Film / White House Down
Reporter: It's the president! He has a rocket launcher!
John Cale (Channing Tatum
) is a US Capitol Police officer who is trying to impress his young daughter by letting her join him at the White House during his job interview for a position on the President's security detail. Unfortunately, a paramilitary group attacks the White House during their tour, and when most of the Secret Service ends up dead and the tourists end up being taken hostage, there's only one dude bad enough to save the President
(and a bunch of other people too). The President himself (Jamie Foxx
) is pretty badass, too.
The direct competitor
to Olympus Has Fallen
. Compare and contrast it.
This movie has sensitive
plot twists. You Have Been Warned
This film contains Examples of:
- Greed: The mercenaries as a whole are getting paid handsomely for their work, though as a bonus almost all of them have some sort of grievance against the government.
- Grenade Hot Potato: Cale throws a grenade at Killick, but didn't wait long enough after pulling the pin so Killick simply kicks it back towards him.
- Guns Akimbo: Cale uses this for about five seconds, entirely for suppressive fire, in a situation where he's rapidly running out of options. One of the guns is even Gangsta Style.
- Heroic Bystander: Donnie the tour guide, who saves Cale from Killick with the use of an antique German mantle clock.
- Hollywood Hacking: Missiles, whether nuclear or conventional, cannot be launched remotely, the guys at the on-site controls have to approve it.
- Hollywood Law: The characters, particularly Carol, act as if invoking the Twenty-Fifth Amendment is some irrevocable order that essentially means they're writing the current president off as dead. In reality, this would only last as long as Sawyer was under duress, and his position would be his again as soon as the crisis was averted. Indeed, if they wanted to solve the situation, they shouldn't have made such a fuss over it and done it as soon as possible.
- Hollywood Silencer: Used by the bad guys in the initial attack, efficiently wiping out security until they get their hands on the bigger guns stored in the armory and abandon any pretense of stealth.
- Averted with the SMG Sawyer uses to kill a mook in the kitchen.
- Hypocrite: Towards the end, after Stenz decides to take Cale on single-handed to avenge the men Cale has killed, Walker yells at him for making things personal. Stenz yells back that given that Walker is planning to launch a whole lot of nukes at the Middle East to avenge the death of his son, he doesn't really have much room to accuse someone else of taking things personally.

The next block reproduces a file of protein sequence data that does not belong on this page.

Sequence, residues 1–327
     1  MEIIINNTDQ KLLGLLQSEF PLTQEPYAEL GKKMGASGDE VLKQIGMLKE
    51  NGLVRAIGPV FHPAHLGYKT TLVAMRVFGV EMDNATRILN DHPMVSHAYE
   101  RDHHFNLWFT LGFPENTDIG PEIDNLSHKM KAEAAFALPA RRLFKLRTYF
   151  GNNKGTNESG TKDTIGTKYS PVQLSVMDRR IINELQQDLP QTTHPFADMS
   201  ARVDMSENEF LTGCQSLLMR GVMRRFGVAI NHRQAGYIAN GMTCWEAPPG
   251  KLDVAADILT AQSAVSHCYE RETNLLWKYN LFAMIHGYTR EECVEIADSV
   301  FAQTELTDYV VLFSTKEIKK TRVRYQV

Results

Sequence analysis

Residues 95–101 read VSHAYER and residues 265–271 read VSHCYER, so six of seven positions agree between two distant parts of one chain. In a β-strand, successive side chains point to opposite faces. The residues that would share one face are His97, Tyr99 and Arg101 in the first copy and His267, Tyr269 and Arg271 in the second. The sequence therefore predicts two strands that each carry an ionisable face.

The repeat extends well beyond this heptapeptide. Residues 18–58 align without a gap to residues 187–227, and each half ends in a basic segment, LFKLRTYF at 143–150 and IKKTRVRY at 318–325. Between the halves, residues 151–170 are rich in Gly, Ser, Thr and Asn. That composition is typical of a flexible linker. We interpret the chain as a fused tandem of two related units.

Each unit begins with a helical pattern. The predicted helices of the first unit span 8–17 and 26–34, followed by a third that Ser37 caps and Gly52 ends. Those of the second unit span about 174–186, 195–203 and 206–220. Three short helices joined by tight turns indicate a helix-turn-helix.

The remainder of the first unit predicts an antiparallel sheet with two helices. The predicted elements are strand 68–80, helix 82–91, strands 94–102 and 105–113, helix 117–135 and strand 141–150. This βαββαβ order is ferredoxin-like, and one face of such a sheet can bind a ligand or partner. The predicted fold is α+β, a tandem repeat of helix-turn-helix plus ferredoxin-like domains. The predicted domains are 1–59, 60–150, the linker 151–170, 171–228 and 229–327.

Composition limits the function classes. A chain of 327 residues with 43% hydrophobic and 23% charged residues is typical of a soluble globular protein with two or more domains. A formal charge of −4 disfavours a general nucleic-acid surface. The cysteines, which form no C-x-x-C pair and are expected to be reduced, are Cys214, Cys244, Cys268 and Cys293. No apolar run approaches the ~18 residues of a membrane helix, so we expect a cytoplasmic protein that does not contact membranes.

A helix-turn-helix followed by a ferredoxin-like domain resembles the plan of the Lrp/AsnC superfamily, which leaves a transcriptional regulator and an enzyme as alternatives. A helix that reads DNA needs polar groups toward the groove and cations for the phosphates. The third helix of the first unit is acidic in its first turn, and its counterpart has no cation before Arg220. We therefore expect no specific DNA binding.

- Improvised Weapon: Cale uses several throughout the film, mainly because he's got limited amounts of ammo and has to keep stealing new guns. For example, during the kitchen brawl, he uses, among other things, a toaster and a drinking glass as melee weapons.
- Donnie beats one of the terrorists to death with a clock.
- Insistent Terminology: Emily insists that it's known as a "YouTube channel" and not a "video blog" or "blog". She lets it slide when Sawyer says "blog", though. Might have something to do with him being the President.
- Instant Death Bullet: Subverted. There are multiple instances in which someone gets shot but doesn't die immediately. The full aversion is implied when Walker is using Emily to get Cale to cooperate; he specifically states that he'll shoot her in the stomach, dooming her to a slow, painful death.
- Intelligence Equals Isolation: Brought up briefly when Emily correctly answers all of Donnie's questions and does the "hand goes up immediately" thing.
Cale: Do you get picked on in school?
Emily [confused]: No.
- Intrepid Reporter: Emily gets to ask a question of President Sawyer and she queries a political one worthy of a reporter from The New York Times or 60 Minutes.
- It's Personal: One of Cale's first kills is a man who saved Stenz's life in battle twice. Stenz takes it upon himself to hunt down Cale.
- I Surrender, Suckers: Cale uses this to great effect. When cornered, he starts bawling and begging for his life, waiting for the goon's guard to go down, and then shooting him three times.
- I Want Them Alive: Walker and Raphelson need President Sawyer alive in order to hijack the nuclear arsenal with his football. Sawyer is aware of this and exploits it on multiple occasions.
- Karma Houdini: Muriel Walker allows her husband to continue with the attack on the White House in favor of their dead son and is unpunished for her actions. It's probably not illegal to simply voice support though, so there's likely nothing they could do to her.
- Karmic Death: Tyler, who is killed by his own booby trap.
- Large Ham: Tyler, the hacker. Looks like Steve Jobs, has a really big ego, and puts up operatic music while hacking. He's the guy who says "It's SHOWTIME" in the trailers.
- The Last Dance: Walker will be dead of a brain tumor in a few months, hence his willingness to go as far as he does.
- Made of Iron: A list of things Cale goes through during the film: several hand-to-hand fights, multiple shootouts and explosions, a high speed car chase that ends when the car is hit with an RPG and then crashes into the White House pool, topped off by falling through a glass roof and jumping through several other windows. A list of his injuries at the end of the film: a bloody nose and a bleeding cut on his bicep.
- Magic Countdown: The screen shows eight minutes until the airstrike. After a very long time, there are still four minutes left.
- Mauve Shirt: Special Agent Todd. One of the few (if not only) Secret Service men who is named and speaks to Cale in at least two scenes.
- Meaningful Name: Psychopath Killick and Agent Hope.
Walker to Carol: "Killing Hope was the second hardest thing I had to do."